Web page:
Like most other small dogs, the Maltese Shih Tzu has a long lifespan of 12 to 14 years. It tends to be a fairly healthy dog, but it can still inherit health problems prevalent in its parent breeds. Common Malshi health issues include the following:
This is a chronic skin disease that is associated with allergic reactions to substances such as mould spores, dust mites, and grass. Malshis usually signs of this condition between the ages of one to six. However, the symptoms can be mild during the dog’s first year, making them unnoticeable for a long time.
Symptoms associated with atopic dermatitis include scratching, rubbing, and licking in areas such as the ears, muzzle, armpits, groin, underbelly, and feet. Other signs of this disease are a yeasty smell, greasy skin, and redness of the skin.
Unfortunately, there is no way to prevent your Malshi from developing allergies. You may, however, get your dog tested for allergies before treatment. Your veterinarian will usually ask for a complete medical history and physical examination to determine the best types of treatments.
This is a common skeletal condition in many dogs, and the Malshi is no exception. It occurs when the ball and socket of the hips do not fit or develop properly. This results in the rubbing of the joints, causing deterioration and loss of function over time.
While hip dysplasia is usually hereditary in nature, it may also be caused by other factors such as obesity, poor nutrition, and too little or too much exercise. Signs of this condition include decreased activity and range of motion, reluctance to jump or climb up the stairs, lameness, hopping, and enlargement of the shoulder muscles.
Luckily, there are ways to reduce your Malshi’s risk of developing this condition. These include feeding your dog a balanced diet and providing it with appropriate levels of exercise while it is still young. You may also schedule a visit to your vet so that they can screen your dog for this disease.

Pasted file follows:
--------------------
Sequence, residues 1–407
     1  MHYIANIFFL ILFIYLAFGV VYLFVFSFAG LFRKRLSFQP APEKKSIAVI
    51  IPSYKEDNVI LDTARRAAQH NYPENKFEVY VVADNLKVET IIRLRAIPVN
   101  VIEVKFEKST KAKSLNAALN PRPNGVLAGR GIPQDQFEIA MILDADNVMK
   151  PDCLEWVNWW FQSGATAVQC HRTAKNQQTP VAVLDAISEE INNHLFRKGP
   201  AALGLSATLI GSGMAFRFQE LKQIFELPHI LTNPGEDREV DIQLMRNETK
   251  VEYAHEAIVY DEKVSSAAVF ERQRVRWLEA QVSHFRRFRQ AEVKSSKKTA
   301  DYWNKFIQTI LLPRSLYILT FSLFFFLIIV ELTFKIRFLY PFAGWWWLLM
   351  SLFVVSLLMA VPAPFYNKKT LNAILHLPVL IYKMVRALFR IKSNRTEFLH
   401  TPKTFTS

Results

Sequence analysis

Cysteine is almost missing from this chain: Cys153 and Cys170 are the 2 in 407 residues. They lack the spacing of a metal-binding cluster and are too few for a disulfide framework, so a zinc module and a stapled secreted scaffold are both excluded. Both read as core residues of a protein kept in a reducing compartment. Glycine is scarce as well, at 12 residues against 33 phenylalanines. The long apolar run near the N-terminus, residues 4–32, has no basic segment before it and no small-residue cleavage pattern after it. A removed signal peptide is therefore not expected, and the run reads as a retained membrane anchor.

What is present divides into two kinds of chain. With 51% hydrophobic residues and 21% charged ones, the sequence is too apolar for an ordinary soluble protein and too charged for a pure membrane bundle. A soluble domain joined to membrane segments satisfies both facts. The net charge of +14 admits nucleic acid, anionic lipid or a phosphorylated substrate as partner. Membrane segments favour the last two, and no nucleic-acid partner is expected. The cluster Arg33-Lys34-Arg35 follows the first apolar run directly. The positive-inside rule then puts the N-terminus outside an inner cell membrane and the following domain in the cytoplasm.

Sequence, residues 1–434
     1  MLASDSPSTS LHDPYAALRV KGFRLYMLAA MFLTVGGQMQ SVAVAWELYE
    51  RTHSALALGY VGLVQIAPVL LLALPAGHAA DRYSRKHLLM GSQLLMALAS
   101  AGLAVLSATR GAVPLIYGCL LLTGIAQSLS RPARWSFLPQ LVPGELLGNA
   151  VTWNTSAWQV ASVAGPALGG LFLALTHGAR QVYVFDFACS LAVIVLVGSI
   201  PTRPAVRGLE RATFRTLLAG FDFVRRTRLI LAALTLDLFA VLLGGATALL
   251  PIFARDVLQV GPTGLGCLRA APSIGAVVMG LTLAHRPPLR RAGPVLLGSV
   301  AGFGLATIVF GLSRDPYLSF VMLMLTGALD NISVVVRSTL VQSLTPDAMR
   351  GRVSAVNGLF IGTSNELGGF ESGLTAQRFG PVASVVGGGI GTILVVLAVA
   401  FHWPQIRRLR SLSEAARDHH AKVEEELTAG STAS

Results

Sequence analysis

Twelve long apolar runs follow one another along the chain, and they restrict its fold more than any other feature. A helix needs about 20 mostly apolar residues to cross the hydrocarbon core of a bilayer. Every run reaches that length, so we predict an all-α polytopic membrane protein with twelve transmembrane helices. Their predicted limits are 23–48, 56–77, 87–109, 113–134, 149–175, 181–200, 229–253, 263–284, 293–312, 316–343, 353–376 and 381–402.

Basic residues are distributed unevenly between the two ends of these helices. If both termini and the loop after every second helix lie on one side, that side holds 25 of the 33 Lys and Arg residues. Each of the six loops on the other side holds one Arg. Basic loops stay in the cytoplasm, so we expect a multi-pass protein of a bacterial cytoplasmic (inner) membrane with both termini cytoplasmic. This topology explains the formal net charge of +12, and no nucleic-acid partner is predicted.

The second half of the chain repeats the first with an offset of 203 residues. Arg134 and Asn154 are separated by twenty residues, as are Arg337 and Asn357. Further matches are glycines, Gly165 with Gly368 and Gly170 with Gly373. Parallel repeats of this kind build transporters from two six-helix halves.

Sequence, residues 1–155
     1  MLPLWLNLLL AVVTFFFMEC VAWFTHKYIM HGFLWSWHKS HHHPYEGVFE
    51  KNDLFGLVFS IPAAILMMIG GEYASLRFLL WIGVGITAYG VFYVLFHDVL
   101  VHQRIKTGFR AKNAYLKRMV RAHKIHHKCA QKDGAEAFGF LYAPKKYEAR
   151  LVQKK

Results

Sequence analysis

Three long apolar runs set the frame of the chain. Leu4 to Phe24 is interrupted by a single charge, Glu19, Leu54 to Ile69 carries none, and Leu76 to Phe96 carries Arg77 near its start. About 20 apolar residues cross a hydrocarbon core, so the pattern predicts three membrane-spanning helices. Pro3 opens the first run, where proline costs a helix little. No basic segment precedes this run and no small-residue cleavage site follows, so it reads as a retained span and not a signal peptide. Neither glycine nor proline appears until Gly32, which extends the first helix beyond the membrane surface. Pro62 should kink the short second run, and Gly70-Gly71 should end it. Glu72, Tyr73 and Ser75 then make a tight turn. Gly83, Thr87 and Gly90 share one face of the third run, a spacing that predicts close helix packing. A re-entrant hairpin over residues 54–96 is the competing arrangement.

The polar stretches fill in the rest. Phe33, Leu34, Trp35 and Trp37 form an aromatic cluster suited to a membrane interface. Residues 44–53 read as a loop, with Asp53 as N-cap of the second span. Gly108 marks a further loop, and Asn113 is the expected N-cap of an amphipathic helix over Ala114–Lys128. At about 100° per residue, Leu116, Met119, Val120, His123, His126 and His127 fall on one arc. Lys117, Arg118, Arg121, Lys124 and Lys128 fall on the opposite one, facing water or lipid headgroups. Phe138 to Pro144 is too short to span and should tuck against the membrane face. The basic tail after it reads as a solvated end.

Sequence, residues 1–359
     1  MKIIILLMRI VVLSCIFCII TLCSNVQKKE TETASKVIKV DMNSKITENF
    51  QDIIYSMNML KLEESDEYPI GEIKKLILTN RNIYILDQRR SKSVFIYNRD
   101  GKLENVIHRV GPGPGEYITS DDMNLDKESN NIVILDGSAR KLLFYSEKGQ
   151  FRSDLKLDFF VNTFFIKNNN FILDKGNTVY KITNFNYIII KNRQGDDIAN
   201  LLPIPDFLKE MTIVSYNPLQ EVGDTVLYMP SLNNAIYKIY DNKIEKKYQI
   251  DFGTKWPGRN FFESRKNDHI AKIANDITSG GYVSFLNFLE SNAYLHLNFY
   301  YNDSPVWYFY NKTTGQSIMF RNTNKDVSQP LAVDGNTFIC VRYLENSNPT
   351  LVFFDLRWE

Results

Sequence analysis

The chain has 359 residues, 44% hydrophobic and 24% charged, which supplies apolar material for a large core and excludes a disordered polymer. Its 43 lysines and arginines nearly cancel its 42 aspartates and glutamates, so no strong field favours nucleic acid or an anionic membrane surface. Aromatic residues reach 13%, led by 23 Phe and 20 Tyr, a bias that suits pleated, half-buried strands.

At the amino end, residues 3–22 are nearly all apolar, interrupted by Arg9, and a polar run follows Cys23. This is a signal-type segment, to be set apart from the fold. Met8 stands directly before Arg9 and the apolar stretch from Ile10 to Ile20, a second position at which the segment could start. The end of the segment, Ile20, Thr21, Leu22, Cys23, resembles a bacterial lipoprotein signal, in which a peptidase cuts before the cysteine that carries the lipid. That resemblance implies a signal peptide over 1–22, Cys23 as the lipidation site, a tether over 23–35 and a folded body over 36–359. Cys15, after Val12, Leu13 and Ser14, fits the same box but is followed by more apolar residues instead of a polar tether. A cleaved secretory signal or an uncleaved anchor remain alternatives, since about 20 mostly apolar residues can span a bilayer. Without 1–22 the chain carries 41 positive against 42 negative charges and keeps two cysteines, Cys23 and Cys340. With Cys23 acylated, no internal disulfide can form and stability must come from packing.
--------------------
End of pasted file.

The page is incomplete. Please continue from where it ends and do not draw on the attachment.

This condition occurs when your Malshi’s thyroid is not producing enough hormones to properly regulate its metabolism. It is usually caused by lymphocytic thyroiditis, or when the dog’s immune system attacks its thyroid. It can also be caused by idiopathic atrophy, or when the canine’s thyroid tissue is replaced by fat.
If your Malshi is suffering from hypothyroidism, it may show symptoms of the following: unexplained weight gain, lack of energy, intolerance to cold, mental dullness, thinning fur, dark pigmentation of the skin, and recurring ear infections.
There is no way to prevent this condition, so if you suspect your dog to suffer from it, it is recommended that you visit your vet right so they can diagnose it right away. Vets will usually do a physical examination of the dog and run a series of blood tests. While there is no cure for hypothyroidism, it can be treated for life with thyroid hormone replacement therapy.